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Harshita is a psychologist and works to support people with mental health issues, particularly adolescents who are survivors of violence. Associated with the Azadi Foundation in UP, Harshita became an MHM Fellow with YKA, with the aim of promoting better menstrual health.

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MH Fellow Sabna comes with significant experience working with a range of development issues. A co-founder of Project Sakhi Saheli, which aims to combat period poverty and break menstrual taboos, Sabna has, in the past, worked on the issue of menstruation in urban slums of Delhi with women and adolescent girls. She and her team also released MenstraBook, with menstrastories and organised Menstra Tlk in the Delhi School of Social Work to create more conversations on menstruation.

With YKA MHM Fellow Vineet, Sabna launched Menstratalk, a campaign that aims to put an end to period poverty and smash menstrual taboos in society. As a start, the campaign aims to begin conversations on menstrual health with five hundred adolescents and youth in Delhi through offline platforms, and through this community mobilise support to create Period Friendly Institutions out of educational institutes in the city.

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A student from Delhi School of Social work, Vineet is a part of Project Sakhi Saheli, an initiative by the students of Delhi school of Social Work to create awareness on Menstrual Health and combat Period Poverty. Along with MHM Action Fellow Sabna, Vineet launched Menstratalk, a campaign that aims to put an end to period poverty and smash menstrual taboos in society.

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A native of Bhagalpur district – Bihar, Shalini Jha believes in equal rights for all genders and wants to work for a gender-equal and just society. In the past she’s had a year-long association as a community leader with Haiyya: Organise for Action’s Health Over Stigma campaign. She’s pursuing a Master’s in Literature with Ambedkar University, Delhi and as an MHM Fellow with YKA, recently launched ‘Project अल्हड़ (Alharh)’.

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As a Youth Ki Awaaz Menstrual Health Fellow, Nitisha has started Let’s Talk Period, a campaign to mobilise young people to switch to sustainable period products. She says, “80 lakh women in Delhi use non-biodegradable sanitary products, generate 3000 tonnes of menstrual waste, that takes 500-800 years to decompose; which in turn contributes to the health issues of all menstruators, increased burden of waste management on the city and harmful living environment for all citizens.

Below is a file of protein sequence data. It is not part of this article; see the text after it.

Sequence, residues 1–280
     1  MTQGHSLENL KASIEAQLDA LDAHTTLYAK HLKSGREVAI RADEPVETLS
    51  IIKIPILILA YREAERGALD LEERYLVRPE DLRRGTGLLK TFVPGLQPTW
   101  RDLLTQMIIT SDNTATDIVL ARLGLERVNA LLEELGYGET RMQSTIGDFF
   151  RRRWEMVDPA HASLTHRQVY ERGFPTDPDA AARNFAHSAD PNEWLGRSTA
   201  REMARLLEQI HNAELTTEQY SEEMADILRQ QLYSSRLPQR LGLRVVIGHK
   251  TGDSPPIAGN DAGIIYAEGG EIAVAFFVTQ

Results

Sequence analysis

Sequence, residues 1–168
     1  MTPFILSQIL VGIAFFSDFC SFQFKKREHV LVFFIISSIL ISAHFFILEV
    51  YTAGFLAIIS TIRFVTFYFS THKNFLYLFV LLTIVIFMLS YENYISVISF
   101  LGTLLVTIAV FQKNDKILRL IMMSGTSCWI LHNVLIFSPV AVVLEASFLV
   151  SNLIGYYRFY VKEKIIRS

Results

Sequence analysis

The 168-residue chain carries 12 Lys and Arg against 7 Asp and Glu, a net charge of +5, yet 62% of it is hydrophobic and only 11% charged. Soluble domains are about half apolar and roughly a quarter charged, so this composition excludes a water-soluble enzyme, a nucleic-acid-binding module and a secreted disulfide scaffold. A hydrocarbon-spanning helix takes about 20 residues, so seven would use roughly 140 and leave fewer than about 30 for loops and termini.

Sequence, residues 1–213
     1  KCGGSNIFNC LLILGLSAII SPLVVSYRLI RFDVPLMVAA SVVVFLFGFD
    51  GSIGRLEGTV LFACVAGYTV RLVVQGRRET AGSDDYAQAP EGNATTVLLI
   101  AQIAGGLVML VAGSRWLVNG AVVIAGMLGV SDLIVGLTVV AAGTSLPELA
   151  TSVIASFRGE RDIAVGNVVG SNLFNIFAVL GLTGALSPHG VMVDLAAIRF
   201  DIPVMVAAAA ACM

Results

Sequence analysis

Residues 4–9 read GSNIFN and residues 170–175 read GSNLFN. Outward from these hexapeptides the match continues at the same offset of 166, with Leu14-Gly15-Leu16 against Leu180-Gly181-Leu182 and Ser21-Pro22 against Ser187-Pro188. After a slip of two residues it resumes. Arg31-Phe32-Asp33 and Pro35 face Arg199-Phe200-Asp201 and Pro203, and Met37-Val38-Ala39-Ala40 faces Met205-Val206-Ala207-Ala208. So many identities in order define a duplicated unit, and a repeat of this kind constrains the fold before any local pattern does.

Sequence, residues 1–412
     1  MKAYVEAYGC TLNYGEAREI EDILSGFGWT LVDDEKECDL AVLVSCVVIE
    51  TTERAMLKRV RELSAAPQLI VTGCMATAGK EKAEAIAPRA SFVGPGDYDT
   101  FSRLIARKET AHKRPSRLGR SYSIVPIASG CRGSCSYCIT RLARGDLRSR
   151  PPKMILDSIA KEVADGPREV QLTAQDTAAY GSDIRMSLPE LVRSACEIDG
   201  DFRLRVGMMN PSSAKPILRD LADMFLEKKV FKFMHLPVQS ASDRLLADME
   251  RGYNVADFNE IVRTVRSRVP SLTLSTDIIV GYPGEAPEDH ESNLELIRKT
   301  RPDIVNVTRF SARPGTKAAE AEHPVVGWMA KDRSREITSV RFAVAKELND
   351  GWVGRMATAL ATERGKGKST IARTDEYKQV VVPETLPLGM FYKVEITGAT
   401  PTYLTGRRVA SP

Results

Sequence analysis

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A former Assistant Secretary with the Ministry of Women and Child Development in West Bengal for three months, Lakshmi Bhavya has been championing the cause of menstrual hygiene in her district. By associating herself with the Lalana Campaign, a holistic menstrual hygiene awareness campaign which is conducted by the Anahat NGO, Lakshmi has been slowly breaking taboos when it comes to periods and menstrual hygiene.

A Gender Rights Activist working with the tribal and marginalized communities in india, Srilekha is a PhD scholar working on understanding body and sexuality among tribal girls, to fill the gaps in research around indigenous women and their stories. Srilekha has worked extensively at the grassroots level with community based organisations, through several advocacy initiatives around Gender, Mental Health, Menstrual Hygiene and Sexual and Reproductive Health Rights (SRHR) for the indigenous in Jharkhand, over the last 6 years.

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A Guwahati-based college student pursuing her Masters in Tata Institute of Social Sciences, Bidisha started the #BleedwithDignity campaign on the technology platform, demanding that the Government of Assam install